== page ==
Jimmy Kimmel’s Thanksgiving Pageant is updated for modern sensitivities.
Cornell students staged a “cry-in” after Donald Trump won the presidency.
One student said she was “terrified,” reports the Cornell Daily Sun. Trump supporters “are willing to put people down based on their identity,” she said.
A dorm at Penn offered cats, a puppy, coloring pages and snacks.
Elsewhere in the Ivy League, a Clinton supporter bragged to the Princetonian that she’d spent Wednesday morning crying in her dorm room. “I sat and sobbed and I still have the tissues all over my floor to prove it,” wrote Marni Morse, a politics major. (I think “brag” is the correct word.) Finally, she left for class, still crying, wearing her “Dare to say the F-word: Feminism” t-shirt and her “A woman belongs in the House and the Senate” sweatshirt to feel “stronger.”
This is feminism? She’s not even strong enough to pick up her tissues.
Around the country, professors are delaying exams and offering counseling, reports Reason’s Robby Soave in a meltdown round-up.
At Loyola University and Byrn Mawr College, students demanded that classes be canceled, citing exhaustion, depression, and safety concerns, Campus Reform reported. “A Trump election directly endangers the lives of all students at Bryn Mawr College that are people of color, lgbtqa+, non-Christian, and female,” one student claimed.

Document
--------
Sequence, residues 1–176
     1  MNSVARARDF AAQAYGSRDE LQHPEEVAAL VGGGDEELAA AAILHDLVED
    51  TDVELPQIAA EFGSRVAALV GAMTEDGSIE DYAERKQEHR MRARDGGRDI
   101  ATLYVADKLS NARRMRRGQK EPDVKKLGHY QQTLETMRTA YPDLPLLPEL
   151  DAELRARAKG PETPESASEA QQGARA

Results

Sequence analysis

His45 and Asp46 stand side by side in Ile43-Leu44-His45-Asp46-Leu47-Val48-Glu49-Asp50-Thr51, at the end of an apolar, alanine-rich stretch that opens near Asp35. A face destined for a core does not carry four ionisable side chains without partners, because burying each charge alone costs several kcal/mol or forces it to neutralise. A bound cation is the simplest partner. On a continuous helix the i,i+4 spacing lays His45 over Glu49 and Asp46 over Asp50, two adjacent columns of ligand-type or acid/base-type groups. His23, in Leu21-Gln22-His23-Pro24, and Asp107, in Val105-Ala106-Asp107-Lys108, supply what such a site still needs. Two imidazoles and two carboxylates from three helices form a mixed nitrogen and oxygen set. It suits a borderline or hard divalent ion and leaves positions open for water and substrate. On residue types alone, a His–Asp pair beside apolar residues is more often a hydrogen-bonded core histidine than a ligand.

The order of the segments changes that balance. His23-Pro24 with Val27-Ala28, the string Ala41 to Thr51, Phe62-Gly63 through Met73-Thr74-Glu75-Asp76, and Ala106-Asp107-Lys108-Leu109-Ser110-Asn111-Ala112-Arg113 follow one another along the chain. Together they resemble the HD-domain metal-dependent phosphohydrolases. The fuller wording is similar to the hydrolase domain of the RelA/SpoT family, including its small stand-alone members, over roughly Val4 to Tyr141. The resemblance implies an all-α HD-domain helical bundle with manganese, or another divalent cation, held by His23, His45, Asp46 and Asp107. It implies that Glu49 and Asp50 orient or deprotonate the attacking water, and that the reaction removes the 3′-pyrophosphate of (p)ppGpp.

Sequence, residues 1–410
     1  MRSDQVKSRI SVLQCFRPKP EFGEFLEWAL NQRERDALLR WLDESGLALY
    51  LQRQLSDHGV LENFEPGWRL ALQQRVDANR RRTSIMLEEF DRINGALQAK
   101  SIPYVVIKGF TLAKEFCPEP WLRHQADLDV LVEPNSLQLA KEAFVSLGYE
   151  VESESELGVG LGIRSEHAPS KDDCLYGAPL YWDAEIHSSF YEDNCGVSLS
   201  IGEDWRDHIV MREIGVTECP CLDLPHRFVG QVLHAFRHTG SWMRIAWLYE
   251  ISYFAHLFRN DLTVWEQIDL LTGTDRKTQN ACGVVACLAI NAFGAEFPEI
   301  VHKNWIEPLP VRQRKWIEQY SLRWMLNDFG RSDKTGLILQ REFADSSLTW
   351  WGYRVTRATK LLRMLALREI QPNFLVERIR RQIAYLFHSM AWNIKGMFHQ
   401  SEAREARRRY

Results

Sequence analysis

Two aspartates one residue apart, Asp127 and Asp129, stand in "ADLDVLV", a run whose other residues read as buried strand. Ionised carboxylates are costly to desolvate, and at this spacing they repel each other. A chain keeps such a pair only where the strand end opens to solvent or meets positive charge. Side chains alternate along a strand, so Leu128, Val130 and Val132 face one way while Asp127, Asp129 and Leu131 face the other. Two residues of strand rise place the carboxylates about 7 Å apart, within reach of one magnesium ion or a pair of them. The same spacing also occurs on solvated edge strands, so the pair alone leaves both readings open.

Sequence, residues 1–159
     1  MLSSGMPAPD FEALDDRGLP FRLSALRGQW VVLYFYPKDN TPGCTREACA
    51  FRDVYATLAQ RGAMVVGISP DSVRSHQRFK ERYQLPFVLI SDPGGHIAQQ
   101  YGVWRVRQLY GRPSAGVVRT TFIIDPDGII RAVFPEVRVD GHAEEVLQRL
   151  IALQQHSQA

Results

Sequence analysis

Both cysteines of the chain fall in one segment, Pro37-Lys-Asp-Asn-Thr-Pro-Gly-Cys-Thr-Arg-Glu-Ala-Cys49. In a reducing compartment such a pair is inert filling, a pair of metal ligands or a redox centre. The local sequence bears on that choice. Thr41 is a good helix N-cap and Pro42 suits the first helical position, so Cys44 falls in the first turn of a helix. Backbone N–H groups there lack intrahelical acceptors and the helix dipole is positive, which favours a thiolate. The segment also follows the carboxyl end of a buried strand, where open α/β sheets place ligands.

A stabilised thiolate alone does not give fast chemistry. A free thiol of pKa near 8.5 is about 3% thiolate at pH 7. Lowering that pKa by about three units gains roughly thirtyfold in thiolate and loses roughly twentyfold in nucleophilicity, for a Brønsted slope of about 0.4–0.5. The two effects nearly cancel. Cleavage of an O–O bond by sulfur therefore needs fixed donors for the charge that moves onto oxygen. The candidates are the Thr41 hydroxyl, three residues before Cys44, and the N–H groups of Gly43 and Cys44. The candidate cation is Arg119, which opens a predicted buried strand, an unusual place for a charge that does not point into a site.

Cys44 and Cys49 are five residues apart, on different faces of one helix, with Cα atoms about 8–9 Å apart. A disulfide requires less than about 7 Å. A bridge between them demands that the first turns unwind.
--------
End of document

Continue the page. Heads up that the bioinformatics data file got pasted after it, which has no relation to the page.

“College campuses have created safe spaces to wall students off from the mildest forms of disagreement,” writes Soave. “Too many of them simply had no idea that great numbers of Americans despised their progressive agenda and were eager to strike a blow against political correctness.”
Colleges have pushed racial, ethnic and gender diversity but ignored viewpoint diversity, writes Fordham University’s Charles Camosy in the Washington Post.
Today’s college graduates are formed by a campus culture that leaves them unable to understand people with unfamiliar or heterodox views on guns, abortion, religion, marriage, gender and privilege. And that same culture leads such educated people to either label those with whom they disagree as bad people or reduce their stated views on these issues as actually being about something else, as in Obama’s case. Most college grads in this culture are simply never forced to engage with or seriously consider professors or texts which could provide a genuine, compelling alternative view.